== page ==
Lots of us enjoy seeing the human side of celebrities. But as dentists, we’re also glad when posts such as these help demystify a procedure that could be scary for some people.

Like having a root canal, the thought of extracting wisdom teeth (also called third molars) makes some folks shudder. Yet this routine procedure is performed more often than any other type of oral surgery. Why? Because wisdom teeth, which usually begin to erupt (emerge from beneath the gums) around age 17-25, have the potential to cause serious problems in the mouth. When these molars lack enough space to fully erupt in their normal positions, they are said to be “impacted.”

One potential problem with impacted wisdom teeth is crowding. Many people don’t have enough space in the jaw to accommodate another set of molars; when their wisdom teeth come in, other teeth can be damaged. Impacted wisdom teeth may also have an increased potential to cause periodontal disease, bacterial infection, and other issues.

Not all wisdom teeth need to be removed; after a complete examination, including x-rays and/or other diagnostic imaging, a recommendation will be made based on each individual’s situation. It may involve continued monitoring of the situation, orthodontics or extraction.

Wisdom tooth extraction is usually done right in the office, often with a type of anesthesia called “conscious sedation.”  Here, the patient is able to breathe normally and respond to stimuli (such as verbal directions), but remains free from pain. For people who are especially apprehensive about dental procedures, anti-anxiety mediation may also be given. After the procedure, prescription or over-the-counter pain medication may be used for a few days. If you feel like singing a few bars, as Julianne did, it’s up to you.

If you would like more information about wisdom tooth extraction, please call our office to arrange a consultation. You can learn more in the Dear Doctor magazine articles “Wisdom Teeth” and “Removing Wisdom Teeth.”


By Joel E. Johnson, DMD, PA
May 02, 2018
Category: Dental Procedures

Learn more about what goes into getting a dental filling in Columbia.fillings

Has our Columbia, SC, dentist, Dr. Joel Johnson, recently told you that you have a cavity? Is this your first cavity? If so, then you may be feeling a bit nervous about your upcoming dental procedure. We are here to tell you that there is absolutely nothing to worry about. Cavities are easy enough to treat and once the cavity has been removed it’s time to place your dental filling.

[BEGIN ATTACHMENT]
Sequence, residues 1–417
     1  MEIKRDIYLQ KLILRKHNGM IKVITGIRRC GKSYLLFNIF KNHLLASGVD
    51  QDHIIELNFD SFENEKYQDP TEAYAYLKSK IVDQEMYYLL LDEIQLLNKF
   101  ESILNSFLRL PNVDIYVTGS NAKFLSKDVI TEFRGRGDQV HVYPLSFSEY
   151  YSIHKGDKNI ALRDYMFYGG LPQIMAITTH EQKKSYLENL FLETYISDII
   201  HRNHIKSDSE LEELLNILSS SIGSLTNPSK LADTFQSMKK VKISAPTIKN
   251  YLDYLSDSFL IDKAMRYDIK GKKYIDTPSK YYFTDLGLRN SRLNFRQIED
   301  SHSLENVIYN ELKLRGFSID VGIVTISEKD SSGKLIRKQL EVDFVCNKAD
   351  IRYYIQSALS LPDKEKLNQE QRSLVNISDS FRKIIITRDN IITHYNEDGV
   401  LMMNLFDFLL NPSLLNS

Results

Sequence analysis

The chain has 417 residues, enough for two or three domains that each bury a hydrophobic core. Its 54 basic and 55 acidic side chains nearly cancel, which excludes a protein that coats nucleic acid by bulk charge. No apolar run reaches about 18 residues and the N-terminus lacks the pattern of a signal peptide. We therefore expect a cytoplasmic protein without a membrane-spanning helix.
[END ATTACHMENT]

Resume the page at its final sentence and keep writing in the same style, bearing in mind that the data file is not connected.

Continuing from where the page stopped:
What is a dental filling?

Everyone has bacteria in their mouths, and if you don’t care for your smile properly this bacteria can affect the health and integrity of tooth enamel, causing cavities to form. This decay must be removed to prevent it from spreading and destroying the integrity of the tooth. Luckily, removing the decay can be done simply and painlessly in just one visit.

Of course, once the decay has been removed you will notice that there are holes where the decay used to be. These holes can affect the strength and function of your teeth over time, so they need to be filled right away. This is where a dental filling comes in. The filling will rebuild these holes and make them non-existent. Plus the filling will also serve to restrengthen the tooth. A filling is crucial. Luckily, placing a dental filling is easy.

What is a dental filling made of?

Maybe you used to have a family member that had metal fillings. Don’t worry; these aren’t used nearly as often. After all, even though metal is pretty durable and tough, having a mouth full of metal can be embarrassing and unpleasant. This is why our Columbia cosmetic dentist is proud to offer tooth-colored fillings, which no one will be able to see. The filling is made from composite resin, which can be matched to the color of your tooth before it’s applied. The filling material is also putty-like and easy to contour and shape over the holes to restore the tooth quickly and painlessly.

Do you have questions about dental filings? Are you concerned that you might be dealing with a cavity? If so, call our Columbia, SC, office today and find out more about the dental services we offer.




Columbia, SC Dentist
Joel E Johnson, DMD, PA
9 Office Park Ct.
Columbia, SC 29223
(803) 788-2555
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frontdesk@drjoeljohnson.com